The farmhouse in Tuscany

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community travelers The city of Todi, according to legend, was built by Hercules. The main sight is the Cathedral or Duomo. It is also a hill top town and the views are fantastic. We had a picnic here for lunch and just enjoyed watching the locals, tourists and the beauty that was all around. The small town of Deruta has been creating pottery since the early 1400’s and is still famous for its wares. After a 50 year decline, new young talent is now producing anything you can possibly imagine from the ornate to contemporary in design. On its winding roads are shops hidden everywhere for you to discover, and a few ancient kilns you can venture into. Budget for an extra purchase as they are not the cheapest mementos, but you will treasure them for a lifetime. Rest Days. When planning a holiday, never aim to do too much! You don’t want to get home needing another holiday. My birthday was celebrated in true Italian style with a day at the traditional Bagno Vignoni Roman thermal spa. There are quite a few of these spread around up in the hills. We chose one set on an historic site with an hotel and a lovely restaurant attached, hot and cool pools, a roman steam bath and water which still flows at 52 degrees. You truly walk away feeling like

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a new person. I would recommend Bagno Vignoni to anyone! My parents had just flown over to start their holiday and joined us at the farmhouse. I ordered a specialty of Roast Cinghiale (wild boar) shanks from the local delicatessen and with this I cooked fresh porcini mushroom pasta. We ate, drank and laughed our last night on the farm away, sharing stories from the past week and just enjoyed spending time with family and loved ones. Rome. You need to be well prepared for sightseeing in major cities. Good walking shoes and loads of patience are a must for the queues. In Rome all the waiting was definitely worth it. I think in all its glory the Colosseum would be my favourite and I could imagine it in its day, buzzing with life. The magnificent Trevi Fountain also captured my heart – I had to toss a coin in and make a wish. In Rome just about every single fountain, from big to small, has the clearest coldest water, and you can drink it from the taps at the fountain! We discovered a new Leonardo da Vinci Exhibition at a small gallery right next to the Medici Palace which gives you the best panoramic view you will get of the city, even if you are not interested in the palace itself.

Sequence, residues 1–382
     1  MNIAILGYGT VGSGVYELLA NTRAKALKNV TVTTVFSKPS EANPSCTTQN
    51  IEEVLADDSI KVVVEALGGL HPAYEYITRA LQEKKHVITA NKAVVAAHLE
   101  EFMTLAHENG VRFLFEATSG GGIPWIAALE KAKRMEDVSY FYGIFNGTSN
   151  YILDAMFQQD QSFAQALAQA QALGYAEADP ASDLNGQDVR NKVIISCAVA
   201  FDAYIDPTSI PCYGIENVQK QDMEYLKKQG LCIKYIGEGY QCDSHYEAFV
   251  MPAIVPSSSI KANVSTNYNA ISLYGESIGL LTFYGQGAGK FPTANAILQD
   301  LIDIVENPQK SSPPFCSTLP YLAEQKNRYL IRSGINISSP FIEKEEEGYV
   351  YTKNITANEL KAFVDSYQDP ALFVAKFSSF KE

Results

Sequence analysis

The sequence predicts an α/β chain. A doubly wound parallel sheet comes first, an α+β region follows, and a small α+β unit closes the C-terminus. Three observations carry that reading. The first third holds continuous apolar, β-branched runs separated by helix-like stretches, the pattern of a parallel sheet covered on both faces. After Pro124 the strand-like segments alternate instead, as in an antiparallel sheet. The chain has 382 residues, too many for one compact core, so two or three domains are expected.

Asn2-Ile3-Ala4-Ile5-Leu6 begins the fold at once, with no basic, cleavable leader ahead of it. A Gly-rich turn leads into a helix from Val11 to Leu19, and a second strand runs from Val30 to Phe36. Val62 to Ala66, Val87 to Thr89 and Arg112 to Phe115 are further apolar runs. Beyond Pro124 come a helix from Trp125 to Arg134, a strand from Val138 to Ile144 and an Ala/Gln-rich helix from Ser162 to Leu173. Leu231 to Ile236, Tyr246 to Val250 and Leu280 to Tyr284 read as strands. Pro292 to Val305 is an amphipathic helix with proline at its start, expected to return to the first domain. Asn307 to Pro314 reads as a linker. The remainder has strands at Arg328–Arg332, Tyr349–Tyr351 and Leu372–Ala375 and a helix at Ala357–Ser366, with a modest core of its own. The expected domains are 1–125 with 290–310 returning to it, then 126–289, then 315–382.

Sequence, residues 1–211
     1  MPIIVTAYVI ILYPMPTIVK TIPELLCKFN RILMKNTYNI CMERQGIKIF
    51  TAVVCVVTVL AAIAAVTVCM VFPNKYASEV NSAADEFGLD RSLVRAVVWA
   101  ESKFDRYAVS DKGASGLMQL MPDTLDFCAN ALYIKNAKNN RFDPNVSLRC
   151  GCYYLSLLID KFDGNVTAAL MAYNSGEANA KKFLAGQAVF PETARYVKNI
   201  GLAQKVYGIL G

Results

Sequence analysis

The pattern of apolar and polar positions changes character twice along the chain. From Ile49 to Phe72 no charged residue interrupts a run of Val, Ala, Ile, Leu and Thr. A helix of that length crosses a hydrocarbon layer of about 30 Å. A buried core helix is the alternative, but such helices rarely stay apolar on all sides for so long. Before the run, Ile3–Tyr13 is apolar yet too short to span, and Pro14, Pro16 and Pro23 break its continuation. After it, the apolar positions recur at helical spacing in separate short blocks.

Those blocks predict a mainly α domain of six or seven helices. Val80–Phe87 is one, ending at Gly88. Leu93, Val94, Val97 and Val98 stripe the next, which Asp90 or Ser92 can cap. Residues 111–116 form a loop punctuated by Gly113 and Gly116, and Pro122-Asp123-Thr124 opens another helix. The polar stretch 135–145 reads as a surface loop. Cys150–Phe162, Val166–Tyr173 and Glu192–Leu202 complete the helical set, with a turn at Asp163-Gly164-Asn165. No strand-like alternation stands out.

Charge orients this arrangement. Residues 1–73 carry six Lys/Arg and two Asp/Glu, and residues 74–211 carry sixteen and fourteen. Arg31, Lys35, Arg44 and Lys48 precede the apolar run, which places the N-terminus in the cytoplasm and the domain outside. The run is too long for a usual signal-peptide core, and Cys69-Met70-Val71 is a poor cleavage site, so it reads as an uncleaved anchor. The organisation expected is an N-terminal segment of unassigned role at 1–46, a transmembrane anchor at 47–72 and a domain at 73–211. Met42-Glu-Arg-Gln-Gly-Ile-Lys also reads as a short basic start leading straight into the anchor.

Goodbyes are always sad but also sweet with the promise of the next time you will see each other. I guess this is how I will reflect upon our amazing holiday for a long time to come. You might have guessed that my dreaming has already begun for our next adventure... and you would be right. 

Food Highlights •C  innamon flavoured, smooth and creamy Gelato - just the most amazing taste experience, especially after wine. With so many flavours of gelato, you have to be committed to try as many as you can to give an educated comparison. •S  affron and yellow pepper gnocchi in Montapulciano - never to be forgotten! •S  itting on the steps of a little town called Cortona, eating a freshly made ciabatta with Parma ham, pesto and the ripest tastiest tomatoes I have ever tasted.

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HEALTH AND WELLNESS

A tan is a

scar

With summer just around the corner it is time again to throw out old sunscreen and stock up on some new products and sun protection.